Boards: Striking the right balance between risk and reward

“Risk management” is often synonymous with “risk prevention.” Lower risk often means lower returns for those invested in the share market or managing a start up. Today’s risk managers often see their role as helping the company identify and clarify their risk appetite then communicate it across the oraganisation to guide decision making. What role does the board play here?

Large listed and private companies focus on risk through a risk management committee of the board of directors.  SME boards without a risk management committee should consider having clearly defined board processes in place which raise the issues that would otherwise be considered by a risk management committee.  

In the end, effective board level risk oversight begins with a clear understanding of the risk appetite.

Types of Risks to be Considered?

The types of risk which have to be considered and often hard to predict will vary enormously by business or industry. The following list is a useful example of risk categories to consider.

  • Financial – includes for example cash flow, budgetary requirements, tax obligations, creditor and debtor management.
  • Equipment – extends to equipment used to conduct the business and includes everyday use, maintenance, depreciation, theft, safety and upgrades.
  • Organisation – relates to the internal requirements of a business (cultural, structural and human resources).
  • Security – includes for example the business premises, assets and people. Also extends to security of company information, intellectual property, and technology.
  • Legal and regulatory compliance – includes for example legislation, regulations, standards, codes of practice and contractual requirements.
  • Reputation – threat to the reputation of the business due to the conduct of the entity as a whole, the viability of products/services, or the conduct of employees or others associated with the business.
  • Operations – covers for example planning, operations, resources (including people) and support required internal to the business resulting in the successful development and delivery of products/services.
  • Contracts – meeting obligations required in a commercial contract.  For example, including delivery, product/service quality, guarantees/warranties, insurance and other statutory requirements, non-performance.
  • Service delivery – Delivery of services, including the quality of service provided or the manner in which a product is delivered. Includes customer interaction and after-sales service.
  • Commercial – includes risks associated with market placement, business growth, product development, diversification and commercial success. Also to the commercial viability of products/services, extending through establishment, retention, growth of a customer base and return.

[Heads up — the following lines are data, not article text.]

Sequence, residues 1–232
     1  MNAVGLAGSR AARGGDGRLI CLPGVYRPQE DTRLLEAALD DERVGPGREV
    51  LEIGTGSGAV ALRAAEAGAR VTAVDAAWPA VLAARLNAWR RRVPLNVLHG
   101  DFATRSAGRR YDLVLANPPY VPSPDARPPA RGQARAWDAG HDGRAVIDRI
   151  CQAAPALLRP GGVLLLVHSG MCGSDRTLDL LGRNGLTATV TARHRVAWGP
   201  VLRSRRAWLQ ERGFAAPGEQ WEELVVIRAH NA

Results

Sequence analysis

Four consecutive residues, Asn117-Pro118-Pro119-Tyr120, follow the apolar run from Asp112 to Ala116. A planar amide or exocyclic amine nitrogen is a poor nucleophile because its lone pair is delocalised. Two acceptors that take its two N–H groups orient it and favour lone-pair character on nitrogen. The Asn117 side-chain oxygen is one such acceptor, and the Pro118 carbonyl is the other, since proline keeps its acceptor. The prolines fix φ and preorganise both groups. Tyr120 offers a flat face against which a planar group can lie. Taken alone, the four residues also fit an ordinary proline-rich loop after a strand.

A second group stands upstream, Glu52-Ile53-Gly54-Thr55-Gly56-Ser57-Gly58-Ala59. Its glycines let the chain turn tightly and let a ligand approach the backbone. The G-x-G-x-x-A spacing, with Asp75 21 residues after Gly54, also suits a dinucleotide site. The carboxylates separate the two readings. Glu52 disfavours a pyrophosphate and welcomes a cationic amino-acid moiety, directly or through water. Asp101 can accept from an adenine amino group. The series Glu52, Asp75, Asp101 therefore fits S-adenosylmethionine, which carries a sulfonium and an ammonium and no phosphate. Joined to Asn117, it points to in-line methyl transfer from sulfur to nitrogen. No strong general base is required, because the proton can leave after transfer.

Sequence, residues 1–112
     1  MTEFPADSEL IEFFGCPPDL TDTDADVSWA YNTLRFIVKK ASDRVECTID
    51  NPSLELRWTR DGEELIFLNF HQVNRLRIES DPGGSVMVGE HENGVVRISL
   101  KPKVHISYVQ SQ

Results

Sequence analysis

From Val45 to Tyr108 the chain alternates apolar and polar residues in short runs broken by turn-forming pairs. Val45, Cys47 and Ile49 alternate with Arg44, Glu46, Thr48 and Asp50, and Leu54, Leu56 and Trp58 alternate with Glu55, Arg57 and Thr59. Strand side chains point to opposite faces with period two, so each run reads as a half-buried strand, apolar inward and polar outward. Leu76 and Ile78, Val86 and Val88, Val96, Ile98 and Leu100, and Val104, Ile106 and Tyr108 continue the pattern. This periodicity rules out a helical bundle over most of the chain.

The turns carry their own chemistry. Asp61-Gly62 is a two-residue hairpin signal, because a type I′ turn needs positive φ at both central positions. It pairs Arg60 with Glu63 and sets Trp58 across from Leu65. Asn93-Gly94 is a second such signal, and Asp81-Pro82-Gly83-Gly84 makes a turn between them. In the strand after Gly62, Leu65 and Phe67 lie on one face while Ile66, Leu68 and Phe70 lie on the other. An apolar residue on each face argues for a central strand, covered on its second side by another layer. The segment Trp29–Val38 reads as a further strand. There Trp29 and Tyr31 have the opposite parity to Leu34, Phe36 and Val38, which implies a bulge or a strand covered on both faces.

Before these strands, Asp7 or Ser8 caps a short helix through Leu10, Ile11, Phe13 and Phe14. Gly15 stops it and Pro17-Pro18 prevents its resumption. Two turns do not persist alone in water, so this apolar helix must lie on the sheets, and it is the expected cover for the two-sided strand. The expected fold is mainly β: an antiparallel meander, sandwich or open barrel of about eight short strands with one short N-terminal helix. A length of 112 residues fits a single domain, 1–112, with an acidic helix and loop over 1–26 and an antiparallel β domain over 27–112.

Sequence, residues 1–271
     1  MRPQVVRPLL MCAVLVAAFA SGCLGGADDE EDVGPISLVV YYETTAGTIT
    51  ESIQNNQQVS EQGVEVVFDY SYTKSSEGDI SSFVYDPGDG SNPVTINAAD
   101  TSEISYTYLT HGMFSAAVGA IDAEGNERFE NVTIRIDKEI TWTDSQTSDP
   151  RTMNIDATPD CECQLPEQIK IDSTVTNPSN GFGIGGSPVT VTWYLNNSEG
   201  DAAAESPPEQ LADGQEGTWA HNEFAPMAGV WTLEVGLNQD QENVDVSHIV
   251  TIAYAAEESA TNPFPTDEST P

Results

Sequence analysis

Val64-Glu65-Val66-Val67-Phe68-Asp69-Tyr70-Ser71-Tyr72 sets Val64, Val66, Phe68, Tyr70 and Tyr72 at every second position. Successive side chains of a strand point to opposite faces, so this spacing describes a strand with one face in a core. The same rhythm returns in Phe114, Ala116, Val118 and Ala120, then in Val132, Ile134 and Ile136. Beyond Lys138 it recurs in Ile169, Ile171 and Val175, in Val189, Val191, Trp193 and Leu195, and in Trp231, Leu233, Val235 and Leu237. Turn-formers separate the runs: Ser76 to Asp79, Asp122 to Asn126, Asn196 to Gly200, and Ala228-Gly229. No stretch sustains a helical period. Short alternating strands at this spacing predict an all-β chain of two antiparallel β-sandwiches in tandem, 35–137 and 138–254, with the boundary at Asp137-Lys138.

• Project – includes the management of equipment, finances, resources, technology, time frames and people involved in the management of projects. Extends to internal operational projects, business development and external projects such as those undertaken for clients.
  • Workplace safety - Every business has a duty of care underpinned by legislation. This means that all reasonable steps must be taken to protect the health and safety of everyone at the workplace. Workplace health and safety is integrated with the overall risk management strategy to ensure that risks and hazards are always identified and reported. Measures must also be taken to reduce exposure to the risks as far as possible.  (New Health and Safety legislation in New Zealand is in effect since April 4).
  • Stakeholder management – includes identifying, establishing and maintaining the right relationships with both internal and external stakeholders.
  • Client - customer relationship – potential loss of clients due to internal and external factors.
  • Strategic – includes the planning, scoping, resourcing and growth of the business.
  • Technology – includes the implementation, management, maintenance and upgrades associated with technology. Extends to recognising critical IT infrastructure and loss of a particular service/function for an extended period of time. It further takes into account the need and cost benefit associated with technology as part of a business development strategy.

How do boards deal with risk?

Determining the most appropriate method to deal with the risks facing an organisation will depend on the nature of those risks. In general terms, an organisation will have a choice between:

  • avoiding the risk by discontinuing the activity that generates it
  • preventative control that reduces the likelihood of the risk occurring (for example, only allowing new business initiatives to proceed if they have been assessed and approved from a business risk perspective)
  • corrective controls that reduce the consequences of the risk if it occurs (for example, contingency planning, back up systems, business continuity plans)
  • transferring the risk to another party (for example, by contract, insurance, outsourcing, joint ventures or partnerships)
  • accepting the risk and having plans in place in case the risk eventuates

All organisations must take risks to create value or put another way risk can create opportunities. The question to ask yourself as a director is how much and what types of risk should we take?

Henri Eliot is CEO of Board Dynamics.